As far as ride quality is concerned, the 730i seems to cope with the British roads slightly better than its more powerful brother. The reason for this is probably down to the choice of tyres. The slightly higher profile and narrower tyres fitted to the 730i have more supple sidewalls than those fitted to the 735i and so are more compliant when bumps are encountered.
The 730i does not feel like the big car it is to drive and to a large extent this is due to its willingness to respond when the steering wheel is moved. The driver does run have to fight the car. The steering is pleasantly geared at 3.6 turns lock-to-lock and the effort required to turn the wheel is a lit I Icon the high side for power assistance which helps to give the steering a very positive feel. The driver really feels in command.
|20.0 (14.1 litres/100km) 4.4mpl
Hard 18.0 mpg
|Driving Average 22.0 mpg
|and conditons Gentle 26.0 mpg
|Grade of fuel: Premium, 4-star (95 RM)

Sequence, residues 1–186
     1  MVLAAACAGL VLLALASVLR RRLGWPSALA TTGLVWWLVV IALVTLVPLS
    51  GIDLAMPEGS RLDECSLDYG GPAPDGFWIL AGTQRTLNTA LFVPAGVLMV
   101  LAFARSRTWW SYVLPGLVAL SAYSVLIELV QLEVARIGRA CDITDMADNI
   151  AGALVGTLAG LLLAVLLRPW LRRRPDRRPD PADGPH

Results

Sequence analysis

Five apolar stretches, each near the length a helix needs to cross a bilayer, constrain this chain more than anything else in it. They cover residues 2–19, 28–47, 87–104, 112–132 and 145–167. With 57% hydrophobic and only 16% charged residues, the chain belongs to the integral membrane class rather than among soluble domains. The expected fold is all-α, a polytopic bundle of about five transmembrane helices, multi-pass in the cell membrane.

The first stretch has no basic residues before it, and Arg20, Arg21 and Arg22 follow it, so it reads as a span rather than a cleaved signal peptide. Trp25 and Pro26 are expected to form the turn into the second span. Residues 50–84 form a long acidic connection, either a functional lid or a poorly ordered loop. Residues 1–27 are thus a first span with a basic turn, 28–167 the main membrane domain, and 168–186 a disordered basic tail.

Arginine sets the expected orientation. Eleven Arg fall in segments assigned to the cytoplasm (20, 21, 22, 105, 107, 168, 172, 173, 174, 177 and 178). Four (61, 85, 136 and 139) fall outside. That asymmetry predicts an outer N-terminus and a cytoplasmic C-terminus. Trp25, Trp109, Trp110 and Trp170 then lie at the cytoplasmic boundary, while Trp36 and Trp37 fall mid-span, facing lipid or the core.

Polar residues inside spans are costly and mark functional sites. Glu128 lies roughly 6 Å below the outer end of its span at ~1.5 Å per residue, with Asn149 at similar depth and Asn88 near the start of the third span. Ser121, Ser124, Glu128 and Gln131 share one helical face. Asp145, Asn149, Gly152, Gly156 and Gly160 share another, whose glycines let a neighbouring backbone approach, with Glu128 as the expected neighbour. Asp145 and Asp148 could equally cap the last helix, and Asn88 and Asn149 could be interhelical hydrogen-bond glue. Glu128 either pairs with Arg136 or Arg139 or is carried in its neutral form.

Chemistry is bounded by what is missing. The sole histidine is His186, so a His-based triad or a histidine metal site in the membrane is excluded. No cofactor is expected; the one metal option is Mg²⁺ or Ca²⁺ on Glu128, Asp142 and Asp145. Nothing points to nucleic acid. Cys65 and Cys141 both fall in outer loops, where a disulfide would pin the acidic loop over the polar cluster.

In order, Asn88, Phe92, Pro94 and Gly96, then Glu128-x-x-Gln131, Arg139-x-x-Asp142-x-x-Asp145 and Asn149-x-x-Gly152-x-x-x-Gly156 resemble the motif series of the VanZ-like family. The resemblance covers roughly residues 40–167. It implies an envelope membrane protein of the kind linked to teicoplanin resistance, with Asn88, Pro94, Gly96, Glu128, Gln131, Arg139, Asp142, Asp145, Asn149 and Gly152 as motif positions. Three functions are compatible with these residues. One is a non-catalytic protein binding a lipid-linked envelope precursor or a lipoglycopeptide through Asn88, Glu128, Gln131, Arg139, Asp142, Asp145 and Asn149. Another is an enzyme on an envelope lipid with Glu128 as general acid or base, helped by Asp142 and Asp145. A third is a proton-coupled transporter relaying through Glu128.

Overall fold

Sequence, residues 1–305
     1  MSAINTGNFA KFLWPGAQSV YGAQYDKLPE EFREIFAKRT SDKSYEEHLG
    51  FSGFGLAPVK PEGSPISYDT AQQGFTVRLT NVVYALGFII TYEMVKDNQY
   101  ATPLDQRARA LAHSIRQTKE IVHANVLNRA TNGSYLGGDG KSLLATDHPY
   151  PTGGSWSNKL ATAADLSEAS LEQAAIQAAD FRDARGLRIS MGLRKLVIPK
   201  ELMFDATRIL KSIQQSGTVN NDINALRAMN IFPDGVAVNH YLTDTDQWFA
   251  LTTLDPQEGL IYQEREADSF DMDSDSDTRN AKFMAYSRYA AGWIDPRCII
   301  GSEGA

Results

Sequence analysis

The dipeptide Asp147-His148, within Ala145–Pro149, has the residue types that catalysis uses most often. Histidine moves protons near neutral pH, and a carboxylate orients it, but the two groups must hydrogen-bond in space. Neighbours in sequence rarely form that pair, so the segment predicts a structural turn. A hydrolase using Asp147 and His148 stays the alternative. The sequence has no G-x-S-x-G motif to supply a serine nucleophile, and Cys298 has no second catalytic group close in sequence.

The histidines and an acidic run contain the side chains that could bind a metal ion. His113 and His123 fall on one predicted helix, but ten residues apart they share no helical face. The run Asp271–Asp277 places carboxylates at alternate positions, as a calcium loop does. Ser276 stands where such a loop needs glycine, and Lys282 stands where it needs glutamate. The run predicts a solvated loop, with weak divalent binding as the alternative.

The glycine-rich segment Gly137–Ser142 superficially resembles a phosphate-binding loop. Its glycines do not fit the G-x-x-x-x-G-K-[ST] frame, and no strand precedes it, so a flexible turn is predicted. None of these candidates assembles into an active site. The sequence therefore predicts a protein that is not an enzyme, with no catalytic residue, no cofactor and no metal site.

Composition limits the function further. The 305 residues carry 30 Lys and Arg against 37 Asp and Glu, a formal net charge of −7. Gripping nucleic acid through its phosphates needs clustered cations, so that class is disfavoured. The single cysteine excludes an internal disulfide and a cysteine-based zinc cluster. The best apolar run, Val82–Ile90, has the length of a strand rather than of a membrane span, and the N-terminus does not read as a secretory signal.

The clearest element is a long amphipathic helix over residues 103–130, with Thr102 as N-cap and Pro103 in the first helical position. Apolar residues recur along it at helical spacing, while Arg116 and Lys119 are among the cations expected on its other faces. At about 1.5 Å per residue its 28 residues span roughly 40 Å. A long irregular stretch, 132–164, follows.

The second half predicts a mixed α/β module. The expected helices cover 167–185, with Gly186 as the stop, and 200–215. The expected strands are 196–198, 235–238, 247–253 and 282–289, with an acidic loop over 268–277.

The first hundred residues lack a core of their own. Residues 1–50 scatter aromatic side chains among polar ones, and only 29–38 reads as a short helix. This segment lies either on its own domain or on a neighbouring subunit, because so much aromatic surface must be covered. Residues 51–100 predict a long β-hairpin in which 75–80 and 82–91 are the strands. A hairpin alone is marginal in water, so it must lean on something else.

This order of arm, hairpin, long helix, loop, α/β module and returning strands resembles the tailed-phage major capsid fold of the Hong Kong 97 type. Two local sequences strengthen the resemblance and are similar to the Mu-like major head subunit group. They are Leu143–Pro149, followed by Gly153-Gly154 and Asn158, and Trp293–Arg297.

|Fuel tank: 19.8 Imp galls (89 litres)
|Mileage recorder: 1.6 per long
|Official fuel consumption figures
|(ECE laboratory test conditions;
|(not necessarily related to Autocar figures)
|Urban cycle: 14 8 mpg
|Steady 56 mph 28.3 mpg
|Steady 75 mph: 23.4 mpg
|(SAE 10/W30) 800 miles/pint
There is very little roll for a car in this class and it does not pitch or dive under acceleration or braking. It can be slightly affected by crosswinds but its straight-line stability is generally good.
Cornering behaviour is typical BMW: a pleasant and safe amount of understeer at normal speeds changing to slight oversteer when the throttle is closed mid-corner. The tail can be brought out of line if really provoked but the excellent steering feel makes it easy to control. Power- on oversteer does not really apply to the 730i in strict terms as it does not have sufficient power but it can be provoked by unsettling the car before entering a corner.
As we found with the 735i E32 we tested the brakes have a little too much servo assistance given that the ABS operates with just 40lb pressure on the pedal, but they do have a progressive action and feel very controllable.